Title: Lost Loss in American Elegiac Poetry: Tracing Inaccessible Grief from Stevens to Post-9/11

Publisher: Lexington Books

Year of Publication: 2020

Book Description:
“We need elegies”—Countee Cullen wrote in 1927. The need for elegies—one of the oldest literary forms—has persisted throughout our history, but the contemporary era highlights the exigencies of a specific type of elegiac poetry, as the sheer scale and distance of losses that confront us today challenge our imagination and affect us in ways that we often fail to recognize. Lost Loss in American Elegiac Poetry: Tracing Inaccessible Grief from Stevens to Post-9/11 examines contemporary literary expressions of losses that are “lost” on us: losses that are ambiguous, forgotten, unacknowledged, repressed, disenfranchised, or otherwise not readily available. Lost Loss in American Elegiac Poetry inquires what it means to “lose” loss and what happens when dispossessory experiences go unacknowledged or become inaccessible. This book analyzes a range of elegiac poetry that does not neatly align with conventional assumptions about the genre, including Wallace Stevens’s “The Owl in the Sarcophagus,” Sylvia Plath’s late poems, Elizabeth Bishop’s Geography III, Sharon Olds’s The Dead and the Living, Louise Glück’s Averno, and a selection of post-9/11 poems. What these poems reveal at the intersection of personal and communal mourning are the mechanism of cognitive myth-making involved in denied grief and its social and ethical implications. Engaging with an assortment of philosophical, psychoanalytic, and psychological theories—by D. W. Winnicott, Walter Benjamin, Theodor Adorno, Judith Butler, Nicholas Abraham and Maria Torok, among others—Lost Loss in American Elegiac Poetry elucidates how poetry gives shape to the vague despondency of unrecognized loss and what kind of phantomic effects these equivocal grieving experiences may create.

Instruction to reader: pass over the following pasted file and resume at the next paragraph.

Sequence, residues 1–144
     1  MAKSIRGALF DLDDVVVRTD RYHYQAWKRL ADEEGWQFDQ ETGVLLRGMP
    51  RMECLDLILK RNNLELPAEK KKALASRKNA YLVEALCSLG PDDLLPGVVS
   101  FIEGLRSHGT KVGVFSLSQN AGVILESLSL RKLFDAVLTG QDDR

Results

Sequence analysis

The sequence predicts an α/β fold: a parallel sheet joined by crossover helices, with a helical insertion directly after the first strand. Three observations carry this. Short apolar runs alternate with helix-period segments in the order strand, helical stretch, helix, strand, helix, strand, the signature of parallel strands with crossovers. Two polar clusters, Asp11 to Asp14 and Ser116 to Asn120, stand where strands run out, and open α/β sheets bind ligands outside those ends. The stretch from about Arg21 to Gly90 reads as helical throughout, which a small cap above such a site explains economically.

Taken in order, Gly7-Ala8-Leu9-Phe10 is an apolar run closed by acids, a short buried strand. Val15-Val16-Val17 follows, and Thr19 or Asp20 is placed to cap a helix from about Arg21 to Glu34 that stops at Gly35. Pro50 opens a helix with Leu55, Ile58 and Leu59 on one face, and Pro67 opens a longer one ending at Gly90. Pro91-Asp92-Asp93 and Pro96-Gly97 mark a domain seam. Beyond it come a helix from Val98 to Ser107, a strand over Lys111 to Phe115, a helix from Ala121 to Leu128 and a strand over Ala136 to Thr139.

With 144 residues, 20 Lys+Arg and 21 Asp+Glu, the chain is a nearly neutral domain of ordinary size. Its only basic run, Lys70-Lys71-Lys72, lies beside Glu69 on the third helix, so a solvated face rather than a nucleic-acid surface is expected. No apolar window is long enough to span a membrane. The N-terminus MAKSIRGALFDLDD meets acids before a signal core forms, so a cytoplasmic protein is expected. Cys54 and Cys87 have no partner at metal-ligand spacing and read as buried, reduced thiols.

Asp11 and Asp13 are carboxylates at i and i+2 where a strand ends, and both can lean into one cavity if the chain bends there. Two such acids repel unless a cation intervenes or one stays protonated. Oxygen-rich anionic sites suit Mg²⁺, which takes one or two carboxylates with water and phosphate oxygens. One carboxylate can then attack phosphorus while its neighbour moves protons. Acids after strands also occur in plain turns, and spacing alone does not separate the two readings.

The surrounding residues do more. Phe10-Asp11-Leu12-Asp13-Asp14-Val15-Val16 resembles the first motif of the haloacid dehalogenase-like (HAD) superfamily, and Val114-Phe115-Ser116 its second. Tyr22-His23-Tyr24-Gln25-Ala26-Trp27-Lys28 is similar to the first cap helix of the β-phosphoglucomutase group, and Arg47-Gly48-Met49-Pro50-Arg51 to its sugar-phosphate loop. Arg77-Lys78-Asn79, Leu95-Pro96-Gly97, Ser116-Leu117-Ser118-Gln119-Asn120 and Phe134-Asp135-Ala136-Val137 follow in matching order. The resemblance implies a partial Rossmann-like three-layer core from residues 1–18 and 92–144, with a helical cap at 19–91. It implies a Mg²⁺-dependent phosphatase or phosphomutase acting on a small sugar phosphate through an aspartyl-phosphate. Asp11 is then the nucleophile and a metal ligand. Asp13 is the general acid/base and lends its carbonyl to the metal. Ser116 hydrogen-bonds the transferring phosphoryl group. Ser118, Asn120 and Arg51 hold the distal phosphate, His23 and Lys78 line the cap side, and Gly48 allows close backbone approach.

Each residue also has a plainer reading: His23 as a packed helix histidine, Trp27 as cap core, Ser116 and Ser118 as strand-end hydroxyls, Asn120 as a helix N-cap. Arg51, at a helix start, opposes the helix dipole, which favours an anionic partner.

Table of Contents:

Chapter 1: Wallace Stevens’s Elegiac Mode: Creating Fictions of Loss
Chapter 2: Sylvia Plath’s Poems of 1963: Dysthymia and Subterranean Loss
Chapter 3: Elizabeth Bishop’s Geography III: Un-losing Lost Loss
Chapter 4: Sharon Olds’s The Dead and the Living: Distant Loss and Ethical Empathy
Chapter 5: Post-9/11 Elegiac Poetry: The Unsaid
Conclusion & Afterword: Lost Loss beyond American Elegiac Poetry
About the Author


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